Statement of Secretary Spencer Abraham
Bethesda, MD, April 14, 2003
I am very proud of the Department of Energy’s historic role in the sequencing
of the human genome – and very excited by the promise of DOE’s
Genomes to Life initiative.
In 1986, a DOE scientist, Dr. Charles DeLisi, proposed that DOE should attempt
to decode the tens, even hundreds of thousands of genes then thought to be
in the human genome, in order to understand, at the DNA level, the effects
of radiation, energy use and energy-production technologies on human health.
And so the Department of Energy became the very first agency to fund research
into genome mapping and sequencing.
But DOE’s Office of Science did more than launch the historic quest to
discover the genetic blueprint of human beings. DOE also developed cost-effective
sequencing and computational technologies and methods that made possible the
unraveling of the human genetic code.
In addition, by bringing together the research capabilities of three of our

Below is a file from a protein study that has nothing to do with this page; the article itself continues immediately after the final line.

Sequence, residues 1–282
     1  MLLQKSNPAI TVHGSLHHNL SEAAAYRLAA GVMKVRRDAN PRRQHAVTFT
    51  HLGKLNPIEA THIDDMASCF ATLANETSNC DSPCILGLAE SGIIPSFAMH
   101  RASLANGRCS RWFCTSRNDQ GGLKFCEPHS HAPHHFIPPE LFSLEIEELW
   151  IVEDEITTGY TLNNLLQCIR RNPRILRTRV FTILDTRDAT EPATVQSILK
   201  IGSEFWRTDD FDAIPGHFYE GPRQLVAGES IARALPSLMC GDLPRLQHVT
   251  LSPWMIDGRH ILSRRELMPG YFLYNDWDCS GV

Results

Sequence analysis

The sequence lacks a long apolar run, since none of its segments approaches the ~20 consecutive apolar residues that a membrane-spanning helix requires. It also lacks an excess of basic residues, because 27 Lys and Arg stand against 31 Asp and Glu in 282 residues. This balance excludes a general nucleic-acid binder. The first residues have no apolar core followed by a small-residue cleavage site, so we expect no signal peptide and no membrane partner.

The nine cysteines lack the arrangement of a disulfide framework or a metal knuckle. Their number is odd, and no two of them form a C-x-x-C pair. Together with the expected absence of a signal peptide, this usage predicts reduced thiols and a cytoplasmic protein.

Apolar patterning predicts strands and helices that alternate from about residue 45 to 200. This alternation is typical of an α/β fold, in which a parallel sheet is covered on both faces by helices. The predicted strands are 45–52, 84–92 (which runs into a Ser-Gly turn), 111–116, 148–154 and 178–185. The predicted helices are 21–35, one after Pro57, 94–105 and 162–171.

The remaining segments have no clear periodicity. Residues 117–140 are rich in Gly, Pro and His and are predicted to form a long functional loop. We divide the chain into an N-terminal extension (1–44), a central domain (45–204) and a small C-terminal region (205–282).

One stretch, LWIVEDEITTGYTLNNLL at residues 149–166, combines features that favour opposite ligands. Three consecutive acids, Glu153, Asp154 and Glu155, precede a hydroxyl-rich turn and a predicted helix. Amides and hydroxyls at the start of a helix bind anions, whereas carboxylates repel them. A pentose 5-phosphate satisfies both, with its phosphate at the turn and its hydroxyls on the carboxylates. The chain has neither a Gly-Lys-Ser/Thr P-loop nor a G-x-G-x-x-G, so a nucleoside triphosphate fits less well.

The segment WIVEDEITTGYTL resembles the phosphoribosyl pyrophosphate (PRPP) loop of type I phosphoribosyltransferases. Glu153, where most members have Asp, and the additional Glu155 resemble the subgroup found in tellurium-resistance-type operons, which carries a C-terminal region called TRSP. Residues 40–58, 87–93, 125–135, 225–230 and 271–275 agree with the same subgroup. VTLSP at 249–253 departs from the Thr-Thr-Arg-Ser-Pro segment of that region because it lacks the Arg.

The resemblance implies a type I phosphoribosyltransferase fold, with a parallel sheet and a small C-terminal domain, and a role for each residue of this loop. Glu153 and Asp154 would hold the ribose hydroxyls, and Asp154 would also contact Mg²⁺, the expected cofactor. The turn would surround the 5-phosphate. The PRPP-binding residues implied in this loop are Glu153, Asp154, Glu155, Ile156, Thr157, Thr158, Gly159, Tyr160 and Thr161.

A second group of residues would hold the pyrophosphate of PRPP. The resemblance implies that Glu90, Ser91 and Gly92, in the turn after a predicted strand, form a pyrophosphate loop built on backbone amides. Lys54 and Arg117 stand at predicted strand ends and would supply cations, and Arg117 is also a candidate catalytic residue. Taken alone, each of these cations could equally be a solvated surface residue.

national laboratories – Lawrence Berkeley, Lawrence Livermore and Los
Alamos – DOE founded the Joint Genome Institute, one of the world’s
largest and most productive public genome sequencing centers.
Indeed, DOE’s Joint Genome Institute completed the sequencing of three
of the human genome’s chromosomes – numbers five, 16 and 19 – which
together contain some 12,000 genes, including those implicated in forms of
kidney disease, prostate and colorectal cancer, leukemia, hypertension, diabetes
Now, DOE once again is pioneering discovery-class science. For the same biotechnology
revolution that offers such promise for human health is also a powerful tool
for clean energy and a cleaner environment.
DOE’s Genomes to Life program is developing new knowledge about how microorganisms
grow and function and will marry this to a national infrastructure in computational
biology to build a fundamental understanding of living systems.
The thrust of Genomes to Life is aimed directly at DOE concerns:
- developing new sources of energy;
- mitigating the long-term impacts of climate change through carbon
- cleaning up the environment.
DOE’s Genomes to Life research stands on the shoulders of discoveries
made precisely because DOE was willing to take the risk and begin a program
in gene sequencing some 17 years ago. We are very proud of that tradition and
of that legacy.
Congratulations to all those who have helped in this historic effort.